technology changing the face of education group discussion
TEACHING OF STATISTICS AT THE COLLEGE LEVEL
Carol Joyce Blumberg
Winona State University
This summary will be organized into four parts: (1) a synopsis of the comments made by participants during the entire group discussions after the paper presentations; (2) a synopsis of a small group discussion on technology and post-secondary education issues; (3) a list of recommendations regarding technology and teaching/learning at the post-secondary education issues that is based on the five papers and discussions; and (4) a list of research recommendations based on the five papers and discussions.
SYNOPSIS OF PARTICIPANT COMMENTS
Several comments following the presentations concerned how difficult it was for students to understand the subtleties involved in correlation coefficients and confidence intervals. Related to this were comments about the importance of assumptions and the concepts of efficiency and power and how much should be discussed in introductory level courses with respect to these topics. There was also a discussion of the role of formulas and the practice of providing formulas only after students have had experience with the concepts via technology or other activities.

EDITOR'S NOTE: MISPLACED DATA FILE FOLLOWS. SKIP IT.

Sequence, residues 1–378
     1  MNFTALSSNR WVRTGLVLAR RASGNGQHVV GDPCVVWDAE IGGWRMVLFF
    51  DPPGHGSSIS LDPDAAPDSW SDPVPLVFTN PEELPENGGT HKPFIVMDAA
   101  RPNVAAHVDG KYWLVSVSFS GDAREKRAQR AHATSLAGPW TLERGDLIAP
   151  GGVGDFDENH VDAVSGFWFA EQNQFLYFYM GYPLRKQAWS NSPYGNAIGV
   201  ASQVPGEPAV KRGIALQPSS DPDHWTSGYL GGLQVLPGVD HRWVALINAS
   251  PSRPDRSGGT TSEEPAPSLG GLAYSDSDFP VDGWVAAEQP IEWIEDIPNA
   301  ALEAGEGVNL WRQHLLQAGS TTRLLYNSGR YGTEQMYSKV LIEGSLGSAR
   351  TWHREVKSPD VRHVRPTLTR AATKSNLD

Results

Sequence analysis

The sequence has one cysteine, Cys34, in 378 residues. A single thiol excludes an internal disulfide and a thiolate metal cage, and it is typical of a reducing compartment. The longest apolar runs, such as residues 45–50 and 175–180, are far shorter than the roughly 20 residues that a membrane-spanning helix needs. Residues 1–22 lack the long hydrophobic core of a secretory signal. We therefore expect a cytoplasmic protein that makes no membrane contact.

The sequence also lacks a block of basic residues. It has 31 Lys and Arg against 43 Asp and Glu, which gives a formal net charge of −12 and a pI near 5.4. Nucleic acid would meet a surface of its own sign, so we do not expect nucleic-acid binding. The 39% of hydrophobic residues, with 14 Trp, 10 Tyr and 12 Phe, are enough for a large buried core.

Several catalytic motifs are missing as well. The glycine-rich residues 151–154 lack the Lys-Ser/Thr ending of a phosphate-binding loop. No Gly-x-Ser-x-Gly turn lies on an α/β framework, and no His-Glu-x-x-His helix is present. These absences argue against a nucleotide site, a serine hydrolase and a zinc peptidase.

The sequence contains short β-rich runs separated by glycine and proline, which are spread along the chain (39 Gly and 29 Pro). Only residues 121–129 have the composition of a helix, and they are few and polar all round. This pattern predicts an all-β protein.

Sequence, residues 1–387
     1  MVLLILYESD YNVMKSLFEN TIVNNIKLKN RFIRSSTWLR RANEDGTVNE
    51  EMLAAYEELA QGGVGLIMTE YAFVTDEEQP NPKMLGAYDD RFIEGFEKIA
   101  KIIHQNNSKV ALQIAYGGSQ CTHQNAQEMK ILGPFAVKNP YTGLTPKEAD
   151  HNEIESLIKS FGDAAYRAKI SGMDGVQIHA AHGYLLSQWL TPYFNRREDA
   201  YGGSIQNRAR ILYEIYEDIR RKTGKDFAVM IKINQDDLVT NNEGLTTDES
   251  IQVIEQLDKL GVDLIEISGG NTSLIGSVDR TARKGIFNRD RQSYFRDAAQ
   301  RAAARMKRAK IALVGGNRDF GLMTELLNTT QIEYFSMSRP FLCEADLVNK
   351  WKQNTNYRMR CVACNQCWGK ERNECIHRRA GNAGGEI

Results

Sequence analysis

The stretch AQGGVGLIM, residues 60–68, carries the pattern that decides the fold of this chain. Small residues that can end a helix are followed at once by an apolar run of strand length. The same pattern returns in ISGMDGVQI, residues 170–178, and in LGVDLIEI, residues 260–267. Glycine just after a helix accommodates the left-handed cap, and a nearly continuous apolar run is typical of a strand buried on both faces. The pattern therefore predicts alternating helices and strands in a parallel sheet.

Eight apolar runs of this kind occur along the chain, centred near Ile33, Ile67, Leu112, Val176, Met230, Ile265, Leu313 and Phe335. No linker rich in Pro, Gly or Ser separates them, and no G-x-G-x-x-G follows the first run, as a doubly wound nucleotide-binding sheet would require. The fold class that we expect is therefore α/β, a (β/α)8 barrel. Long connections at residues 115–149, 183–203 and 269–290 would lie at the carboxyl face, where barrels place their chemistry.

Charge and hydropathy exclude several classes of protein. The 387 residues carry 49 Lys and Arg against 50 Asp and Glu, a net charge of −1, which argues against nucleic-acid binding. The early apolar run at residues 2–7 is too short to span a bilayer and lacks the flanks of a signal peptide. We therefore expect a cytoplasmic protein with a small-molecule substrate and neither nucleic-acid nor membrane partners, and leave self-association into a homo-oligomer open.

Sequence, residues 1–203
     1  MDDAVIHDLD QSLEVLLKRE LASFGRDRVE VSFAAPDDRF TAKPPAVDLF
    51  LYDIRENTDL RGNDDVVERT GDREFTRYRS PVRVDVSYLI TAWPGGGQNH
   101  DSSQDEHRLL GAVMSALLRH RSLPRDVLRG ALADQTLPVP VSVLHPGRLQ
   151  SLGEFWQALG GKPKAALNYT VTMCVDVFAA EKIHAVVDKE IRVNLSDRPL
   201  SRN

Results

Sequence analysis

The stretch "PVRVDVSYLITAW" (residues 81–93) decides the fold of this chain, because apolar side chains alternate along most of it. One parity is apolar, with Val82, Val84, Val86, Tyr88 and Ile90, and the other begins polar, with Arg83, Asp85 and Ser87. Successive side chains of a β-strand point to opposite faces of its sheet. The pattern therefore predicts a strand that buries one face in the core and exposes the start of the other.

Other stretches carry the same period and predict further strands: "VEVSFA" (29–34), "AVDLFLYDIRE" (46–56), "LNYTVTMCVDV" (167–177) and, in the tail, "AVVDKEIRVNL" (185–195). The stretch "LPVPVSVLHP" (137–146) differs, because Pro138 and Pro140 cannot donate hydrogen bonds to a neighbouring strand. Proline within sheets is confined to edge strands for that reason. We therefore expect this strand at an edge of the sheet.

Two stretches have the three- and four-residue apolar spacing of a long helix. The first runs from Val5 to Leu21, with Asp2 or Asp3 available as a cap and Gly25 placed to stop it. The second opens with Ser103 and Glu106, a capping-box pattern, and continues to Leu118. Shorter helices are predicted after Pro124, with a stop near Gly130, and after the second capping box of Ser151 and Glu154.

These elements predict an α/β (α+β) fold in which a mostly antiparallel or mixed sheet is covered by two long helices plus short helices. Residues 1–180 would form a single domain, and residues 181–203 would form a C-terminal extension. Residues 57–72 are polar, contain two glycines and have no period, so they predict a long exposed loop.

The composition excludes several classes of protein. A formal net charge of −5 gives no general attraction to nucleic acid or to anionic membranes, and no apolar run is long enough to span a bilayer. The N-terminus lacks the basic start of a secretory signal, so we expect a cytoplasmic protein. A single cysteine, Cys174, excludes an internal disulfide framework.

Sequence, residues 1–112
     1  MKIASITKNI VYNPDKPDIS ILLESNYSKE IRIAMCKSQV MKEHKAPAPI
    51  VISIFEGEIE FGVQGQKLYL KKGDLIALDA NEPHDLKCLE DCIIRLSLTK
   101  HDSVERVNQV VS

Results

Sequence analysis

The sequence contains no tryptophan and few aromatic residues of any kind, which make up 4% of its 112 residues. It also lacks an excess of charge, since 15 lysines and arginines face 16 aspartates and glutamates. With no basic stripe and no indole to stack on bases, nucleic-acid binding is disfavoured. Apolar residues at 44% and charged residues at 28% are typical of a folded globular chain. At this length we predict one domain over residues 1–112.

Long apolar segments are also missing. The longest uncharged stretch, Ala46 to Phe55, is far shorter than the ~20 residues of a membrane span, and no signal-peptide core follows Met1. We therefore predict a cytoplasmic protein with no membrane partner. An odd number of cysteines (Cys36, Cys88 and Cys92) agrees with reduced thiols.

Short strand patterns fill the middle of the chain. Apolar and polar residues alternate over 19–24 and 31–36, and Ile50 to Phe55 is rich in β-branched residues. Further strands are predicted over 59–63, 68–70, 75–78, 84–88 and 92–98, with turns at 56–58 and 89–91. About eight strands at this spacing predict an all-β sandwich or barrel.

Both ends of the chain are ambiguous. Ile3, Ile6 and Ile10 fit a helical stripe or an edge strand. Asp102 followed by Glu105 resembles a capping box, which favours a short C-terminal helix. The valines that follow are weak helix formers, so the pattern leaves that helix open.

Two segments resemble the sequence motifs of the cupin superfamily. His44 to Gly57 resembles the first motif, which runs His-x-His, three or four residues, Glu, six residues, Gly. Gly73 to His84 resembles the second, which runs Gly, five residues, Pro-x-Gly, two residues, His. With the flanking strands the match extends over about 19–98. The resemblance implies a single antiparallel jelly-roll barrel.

The dilemma of whether to use one large dataset for an entire course or several small datasets was discussed. One participant felt that the analysis of real data was not an end in itself, but a way to illustrate and motivate statistical concepts. A disadvantage of using the same dataset throughout a course is that there will be students who may not be interested in the context of that dataset.
There was a discussion regarding the rapid improvements being made in technology, resulting in the fact that the number of people having access to the Internet is growing exponentially. It was mentioned that, worldwide, better interfaces between computers and telephones need to be developed and that language translators need to be